The industry buzz is that Europe is over-saturated with animated fare for younger kids, and that programmers are starting to look for toons that target teens and families in order to diversify their schedules. Says Philippe Alessandri, the 30-year-old head of the kids department at Tele Images: ‘Because of growing competition in a very selective market, producers must get out of the trap of making series for kids ages six to 12. Broadcasters such as France 2, Canal + and M6 now select series that target a niche.’
Alessandri, who is working on a six-hour prime-time family special called Jules Verne’s Amazing Journeys, points to Futurikon series The Fly as a prime example of a mold-breaking project. This 65 x five-minute short is aimed at the 10 to 14 set, hitherto untargeted by French tooncos. Based on a Lewis Trondheim comic strip, the series quickly attracted Euro broadcast partners like Teletoon, France 3 and Germany’s WDR with its more sophisticated humor. Futurikon is hoping to replicate The Fly’s success by developing another Trondheim creation for young adults called Kaput and Zoski. This 26 x 26-minute series tells the story of two idiotic aliens who want to dominate the world. Distributed by HIT Entertainment, the series is budgeted at US$6.6 million and will go into production this summer.
Futurikon head Phillipe Delarue, age 33, says the toon demo is older-skewing due to: ‘the orientation of U.S. animation and the Manga trend.’ Futurikon is betting on the continuation of this trend by aiming even older with its next project, a 26 x 26-minute sci-fi series called Malo Korrigan that is slated for production this summer. Featuring state-of-the-art digital special effects, this older teen-targeted series is set in the very distant future and follows the capers of a space adventurer. Futurikon is currently looking for financial partners to help cover the US$7.5-million series budget.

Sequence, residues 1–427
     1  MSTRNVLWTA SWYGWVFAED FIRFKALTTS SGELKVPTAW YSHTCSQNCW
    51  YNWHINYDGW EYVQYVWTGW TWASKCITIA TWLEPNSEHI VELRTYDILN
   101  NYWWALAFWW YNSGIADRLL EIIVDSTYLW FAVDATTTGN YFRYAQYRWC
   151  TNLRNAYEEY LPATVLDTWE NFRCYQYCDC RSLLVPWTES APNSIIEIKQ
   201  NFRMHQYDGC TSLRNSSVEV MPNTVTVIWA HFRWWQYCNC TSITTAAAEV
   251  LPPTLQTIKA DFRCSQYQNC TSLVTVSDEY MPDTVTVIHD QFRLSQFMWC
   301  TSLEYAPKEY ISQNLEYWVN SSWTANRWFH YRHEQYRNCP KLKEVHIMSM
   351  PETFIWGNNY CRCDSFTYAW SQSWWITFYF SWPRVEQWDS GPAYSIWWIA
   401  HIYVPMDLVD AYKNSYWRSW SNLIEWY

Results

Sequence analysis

The Paris-based toon studio is planning to expand the Malo Korrigan property to include a feature film and video game. ‘My generation is maybe more interested than others in marketing and the potential merchandising exploitation of the series,’ says Alessandri.
Eric Garnet, a 35-year-old producer and head of sales and co-pros for Antefilms Productions, points to the advancement of computer technology and the influence of the Internet as the backbone of this drive to target older audiences. ’3-D and digital techniques favor the creation of new universes and sophisticated graphics,’ he explains. ‘Boundaries are collapsing with the advent of animation on the Web. We are now getting inspiration from the graffiti generation.’
Antefilms has been fine-tuning its 2-D/3-D integration technique for the past few years, and these efforts will culminate in a 26 x 26-minute teen- and family-targeted series called Disco Cops, currently in development. With a budget of US$7.7 million, the toon parodies the `70s with references to both the disco era and TV cult classics. The show stars two cops-by-day who turn into disco stars by night, and 2-D characters will be layered over 3-D settings to render amazing car chases. Canal +, M6, Toonight (an adult extension of Teletoon France that’s poised for launch) and TPS Cinema have shown interest in the series, and Antefilms is considering expanding the concept into a feature film.
The viability of teen-targeted animation has also lit a fire under the French toon establishment. Alphanim introduced a 26 x half-hour teen series called Delta State at Natpe this year. Budgeted at US$10.4 million, the project is a futuristic live-action/animation hybrid about four New York-dwelling slacker superheroes who very reluctantly use their supernatural powers to save the human race.
Millimages head Roch Lener is also looking to tap into the teen animation trend with a Magnus Carlsson concept called Da Möb with London-based Quintus, Sweden’s Happy Life (which intitiated the project), Fox Family and Fox Kids France. The 2-D/3-D series follows the daily adventures of a rock group comprised of three rebellious teens who are muddling through family relationships and suburban life. Budgeted at US$8 million, the 22 x 26-minute series went into production last month.